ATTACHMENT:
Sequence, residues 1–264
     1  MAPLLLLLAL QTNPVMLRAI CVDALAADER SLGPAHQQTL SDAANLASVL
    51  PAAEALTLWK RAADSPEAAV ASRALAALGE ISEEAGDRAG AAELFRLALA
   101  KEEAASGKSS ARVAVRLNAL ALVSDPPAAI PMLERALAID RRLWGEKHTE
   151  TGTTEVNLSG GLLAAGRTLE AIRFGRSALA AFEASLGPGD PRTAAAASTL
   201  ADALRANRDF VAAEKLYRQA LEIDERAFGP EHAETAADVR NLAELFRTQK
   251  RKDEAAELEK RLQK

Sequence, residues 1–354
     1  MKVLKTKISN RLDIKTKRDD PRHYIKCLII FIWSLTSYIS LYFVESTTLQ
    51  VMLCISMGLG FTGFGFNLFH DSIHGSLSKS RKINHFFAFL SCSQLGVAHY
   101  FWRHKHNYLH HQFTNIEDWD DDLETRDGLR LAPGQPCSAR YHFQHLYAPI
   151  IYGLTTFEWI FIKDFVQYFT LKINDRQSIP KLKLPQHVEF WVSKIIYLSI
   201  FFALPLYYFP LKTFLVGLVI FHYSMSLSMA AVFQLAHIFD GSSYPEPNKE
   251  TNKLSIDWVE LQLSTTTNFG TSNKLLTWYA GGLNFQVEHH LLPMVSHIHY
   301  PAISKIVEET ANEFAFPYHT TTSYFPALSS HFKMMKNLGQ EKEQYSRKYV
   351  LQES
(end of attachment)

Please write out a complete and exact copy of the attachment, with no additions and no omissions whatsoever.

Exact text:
Sequence, residues 1–264
     1  MAPLLLLLAL QTNPVMLRAI CVDALAADER SLGPAHQQTL SDAANLASVL
    51  PAAEALTLWK RAADSPEAAV ASRALAALGE ISEEAGDRAG AAELFRLALA
   101  KEEAASGKSS ARVAVRLNAL ALVSDPPAAI PMLERALAID RRLWGEKHTE
   151  TGTTEVNLSG GLLAAGRTLE AIRFGRSALA AFEASLGPGD PRTAAAASTL
   201  ADALRANRDF VAAEKLYRQA LEIDERAFGP EHAETAADVR NLAELFRTQK
   251  RKDEAAELEK RLQK

Sequence, residues 1–354
     1  MKVLKTKISN RLDIKTKRDD PRHYIKCLII FIWSLTSYIS LYFVESTTLQ
    51  VMLCISMGLG FTGFGFNLFH DSIHGSLSKS RKINHFFAFL SCSQLGVAHY
   101  FWRHKHNYLH HQFTNIEDWD DDLETRDGLR LAPGQPCSAR YHFQHLYAPI
   151  IYGLTTFEWI FIKDFVQYFT LKINDRQSIP KLKLPQHVEF WVSKIIYLSI
   201  FFALPLYYFP LKTFLVGLVI FHYSMSLSMA AVFQLAHIFD GSSYPEPNKE
   251  TNKLSIDWVE LQLSTTTNFG TSNKLLTWYA GGLNFQVEHH LLPMVSHIHY
   301  PAISKIVEET ANEFAFPYHT TTSYFPALSS HFKMMKNLGQ EKEQYSRKYV
   351  LQES